Monday, March 15, 2010

Desert Plants Renewed

Walter Zimmermann's Desert Plants: Conversations with 23 American Musicians, published 1976, long time out of print, is now accessible again on Walter's website, here

If you who don't know Desert Plants, you should.  It's a landmark both for American experimental music and for its account of a young West German composer discovering his own musical sensibility, grounded in a relationship to history and geography, through an encounter with a musical "other", in this case a collection of American musicians who, at the time, received almost as little attention at home as they did abroad.  While several of the musicians interviewed remain less well-known or well-known only in niches, with the passage of time the music of many of those included in Desert Plants has attained a prominence that sometimes makes it hard to recall how great a challenge their music posed to the then-establishment (and, to some extent, still-institutional) avant-gardes, American and European alike.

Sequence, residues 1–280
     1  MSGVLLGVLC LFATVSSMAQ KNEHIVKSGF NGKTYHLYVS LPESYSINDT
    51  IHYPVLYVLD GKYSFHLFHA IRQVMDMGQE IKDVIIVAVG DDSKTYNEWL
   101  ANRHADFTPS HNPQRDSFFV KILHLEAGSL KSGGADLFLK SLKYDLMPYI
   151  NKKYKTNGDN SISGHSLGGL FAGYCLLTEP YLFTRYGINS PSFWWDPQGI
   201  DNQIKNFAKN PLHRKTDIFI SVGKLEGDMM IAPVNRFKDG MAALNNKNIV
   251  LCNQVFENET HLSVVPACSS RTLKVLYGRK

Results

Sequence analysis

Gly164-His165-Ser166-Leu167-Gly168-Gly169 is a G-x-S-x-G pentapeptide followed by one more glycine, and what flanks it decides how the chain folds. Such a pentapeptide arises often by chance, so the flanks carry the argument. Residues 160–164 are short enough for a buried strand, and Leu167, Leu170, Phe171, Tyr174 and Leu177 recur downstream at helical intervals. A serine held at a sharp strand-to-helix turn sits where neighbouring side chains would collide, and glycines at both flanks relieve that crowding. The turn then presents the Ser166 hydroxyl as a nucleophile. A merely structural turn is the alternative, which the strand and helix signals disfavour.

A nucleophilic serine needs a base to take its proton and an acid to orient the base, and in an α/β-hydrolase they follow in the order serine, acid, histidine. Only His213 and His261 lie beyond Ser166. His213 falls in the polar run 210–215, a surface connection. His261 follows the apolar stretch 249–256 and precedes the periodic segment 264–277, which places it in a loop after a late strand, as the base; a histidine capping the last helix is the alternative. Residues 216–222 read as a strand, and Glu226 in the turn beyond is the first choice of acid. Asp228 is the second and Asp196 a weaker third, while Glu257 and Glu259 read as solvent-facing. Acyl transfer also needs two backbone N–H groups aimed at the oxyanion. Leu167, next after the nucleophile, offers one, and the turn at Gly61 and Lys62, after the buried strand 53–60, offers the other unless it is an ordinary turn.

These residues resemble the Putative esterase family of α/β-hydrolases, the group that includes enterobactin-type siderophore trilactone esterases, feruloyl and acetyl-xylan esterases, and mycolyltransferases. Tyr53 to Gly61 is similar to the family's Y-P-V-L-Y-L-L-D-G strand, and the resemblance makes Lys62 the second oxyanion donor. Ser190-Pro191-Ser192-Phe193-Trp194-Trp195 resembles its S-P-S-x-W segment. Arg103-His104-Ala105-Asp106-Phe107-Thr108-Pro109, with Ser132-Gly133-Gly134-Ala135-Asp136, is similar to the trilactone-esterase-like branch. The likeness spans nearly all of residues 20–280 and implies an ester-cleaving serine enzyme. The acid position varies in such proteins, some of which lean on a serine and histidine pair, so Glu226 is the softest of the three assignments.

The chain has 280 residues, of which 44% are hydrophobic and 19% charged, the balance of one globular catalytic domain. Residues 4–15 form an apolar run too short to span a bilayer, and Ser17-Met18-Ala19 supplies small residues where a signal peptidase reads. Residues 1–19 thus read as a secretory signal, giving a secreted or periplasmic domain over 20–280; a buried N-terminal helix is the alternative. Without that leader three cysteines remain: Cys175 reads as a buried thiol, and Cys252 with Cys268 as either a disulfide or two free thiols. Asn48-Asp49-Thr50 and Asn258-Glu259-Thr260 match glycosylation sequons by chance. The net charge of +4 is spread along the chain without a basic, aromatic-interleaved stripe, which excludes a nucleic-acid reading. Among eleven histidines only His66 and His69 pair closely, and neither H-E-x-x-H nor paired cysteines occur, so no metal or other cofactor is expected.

(For the record, my opinion here is completely biased.  I was fortunate to find a copy of Desert Plants around '78 or '79 while still in High School and many of the interviews — and the music those interviews drove me to — registered like lightning, a real source of inspiration, no, better: posture, funky typos and all, alongside Cage's writings, Lou Harrison's Music Primer,  Nyman's Experimental Music and Peter Garland's magazine Soundings.  When, with my wife, I moved to Frankfurt a decade later — knowing vaguely that Frankfurt was a town in which new music was taken seriously (you know: Adorno, for better or worse and all that) — I had no idea where the Walter Zimmermann of Desert Plants might be living, but I called the only Walter Zimmermann in the Frankfurt phone book and it turned out to be the right one.  Since then, Walter has become a mentor and friend, an encouraging and nurturing presence,  and his music, alongside his sensitivity, ethical stance, musical/cultural/culinary appetite and fine sense of adventure as well as moral support, has been a constant gift.)



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